Gujarat: For many patients with mucormycosis, cure means depleting savings



A Vadodara couple have been saving money for their dream of a world tour since their wedding in 2011. They even made their dream of a home come true in October of last year.

But things took a different turn when the husband, a 40-year-old banking executive, contracted Covid-19 in April. After a near-death experience with the virus and a stay of nearly 25 days in a private hospital, Rajeev was detected with mucormycosis in early May and is undergoing treatment at a private multispecialty hospital.

“While it looked like we were on the road to recovery, another episode of the infection hit us in the first week of June, about two weeks after he was released and the doctors said they should perform a maxillectomy and he suffered loss of certain neurological functions, which caused visual impairment in his left eye. Doctors advised continuing periodic scans to determine any further spread, “his wife said.

The family, who have to pay a monthly NDE on their mortgage, have so far spent a large chunk of their savings on treatment.

“The treatment of Covid19 first and now for mucormycosis has totally drained our funds. Not only have we spent the money we had saved to tick our goals off our to-do lists, but we actually dread facing the extra expense of treating the disease. Medicines are so expensive and hard to come by, ”she added.

For several other families like this Vadodara couple, the infection has drained their savings.

Inside the Mucormycosis Department of SSG Vadodara Hospital, at the bedside of each patient is black plastic covering each intravenous vial and infusion sets to protect amphotericin-B from exposure to light while it is being used. administration.

Among the many patients – many of whom brought their own stand ventilators to beat the wet weather – is a 48-year-old employee of a private company.

The patient said his company asked him to quit because he had not been able to get to work since mid-March of this year.

Her brother said: “First, our parents suffered from Covid-19 and were critical. My mother is also deceased. So my brother had taken time off to take care of them. He was later diagnosed with Covid-19 and was critical, under BiPAP assistance, at a government hospital for more than three weeks. “

“He barely recovered and joined the service for about five days when he developed discomfort and swelling in his face was diagnosed with mucormycosis. He had the first debridement at a private hospital but the infection relapsed and doctors said he should have orbital exenteration, ”the brother added.

Kherunisha Ibrahim Patel, 53, a teacher in Bharuch’s government, had her left upper jaw and maxillary sinuses removed during a second surgery and has been on treatment for mucormycosis since early May.

Her son, Dr Naeem Patel, says the family spent over Rs 10 lakh on the treatment. “Our priority is her health right now, but she might feel the pinch a few months later if she is unable to continue teaching due to the disfigurement,” says Patel.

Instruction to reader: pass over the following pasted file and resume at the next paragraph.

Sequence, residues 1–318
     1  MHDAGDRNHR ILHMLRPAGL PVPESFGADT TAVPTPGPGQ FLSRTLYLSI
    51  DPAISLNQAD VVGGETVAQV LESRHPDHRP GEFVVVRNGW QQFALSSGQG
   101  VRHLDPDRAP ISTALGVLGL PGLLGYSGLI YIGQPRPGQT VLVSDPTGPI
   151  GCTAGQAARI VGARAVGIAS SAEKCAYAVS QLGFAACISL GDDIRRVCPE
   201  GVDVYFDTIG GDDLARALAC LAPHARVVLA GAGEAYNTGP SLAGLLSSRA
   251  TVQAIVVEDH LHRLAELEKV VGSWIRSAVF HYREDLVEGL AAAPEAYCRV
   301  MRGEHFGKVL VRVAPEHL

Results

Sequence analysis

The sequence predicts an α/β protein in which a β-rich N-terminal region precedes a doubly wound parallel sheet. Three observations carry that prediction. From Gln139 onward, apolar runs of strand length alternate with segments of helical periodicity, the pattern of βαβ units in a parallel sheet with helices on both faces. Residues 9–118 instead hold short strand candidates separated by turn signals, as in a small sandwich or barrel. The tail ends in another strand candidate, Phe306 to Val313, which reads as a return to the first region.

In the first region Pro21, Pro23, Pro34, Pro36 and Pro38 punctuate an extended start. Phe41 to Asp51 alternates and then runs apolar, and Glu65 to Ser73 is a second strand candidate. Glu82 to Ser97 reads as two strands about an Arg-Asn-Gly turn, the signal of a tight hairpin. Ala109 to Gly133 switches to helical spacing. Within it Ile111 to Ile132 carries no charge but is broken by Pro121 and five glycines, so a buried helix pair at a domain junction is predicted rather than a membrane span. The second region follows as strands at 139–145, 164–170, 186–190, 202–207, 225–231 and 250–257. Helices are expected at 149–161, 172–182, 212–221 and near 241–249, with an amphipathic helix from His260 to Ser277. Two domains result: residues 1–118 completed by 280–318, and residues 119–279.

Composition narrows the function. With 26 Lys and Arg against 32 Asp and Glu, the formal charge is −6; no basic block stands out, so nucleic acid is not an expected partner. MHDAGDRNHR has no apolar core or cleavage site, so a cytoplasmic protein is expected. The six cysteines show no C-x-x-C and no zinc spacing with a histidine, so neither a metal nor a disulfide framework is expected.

Dr Ranjan Aiyer, medical superintendent at SSG Hospital and also head of the ENT department, says affordability is an important factor in treating mucormycosis. “Medicines are expensive and infection, if not removed properly, can resurface… Currently, at SSG, we have nearly 40% of patients, who first underwent surgeries in private hospitals. .

In the mucormycosis ward at the 1,200-bed facility of the Ahmedabad Civil Hospital, where around 50 to 60 patients are currently being treated by the Government Dental College and Hospital on the same campus, exhausted and worried relatives accompanying the patients take turns caring for their loved ones feeling the side effects of the drugs.

Among the patients is a 70-year-old woman, diagnosed with mucormycosis on May 3, accompanied by her 42-year-old son, owner of a Nani Kadi grocery store in Mehsana. The man admits that treating his mother’s illness wiped out his savings and left him in debt, putting his son’s engineering training on hold at a private institution.

“Following a CT scan, she was operated on in a private hospital for transnasal debridement, which cost us Rs 2.10 lakh. We moved to another private hospital in Vastral, where we spent Rs 1.80 lakh on drugs and another Rs 6.55 lakh on 84 injections of liposomal amphotericin B, costing around Rs 7,800 each. After 14 days of stay, they told us that we had to have her admitted to the civilian hospital because the liposomal amphotericin B was also rare, ”he says.

Ram Khemani (55), a resident of Naroda Patiya in Ahmedabad, had his upper jaw removed on June 5 and has been in and out of hospitals since April 12, when he was admitted to a private facility for Covid-19 treatment.

Sangeeta Khemani, his wife, said: “We already spent Rs 10 lakh during his Covid-19 19 treatment when he was hospitalized for 25 days. So in mid-May, when he started to have a toothache and was subsequently diagnosed with mucormycosis, we had no choice but to go to a public hospital. He works in a confectionery and we have had no income for the past two months and we have used up our savings.



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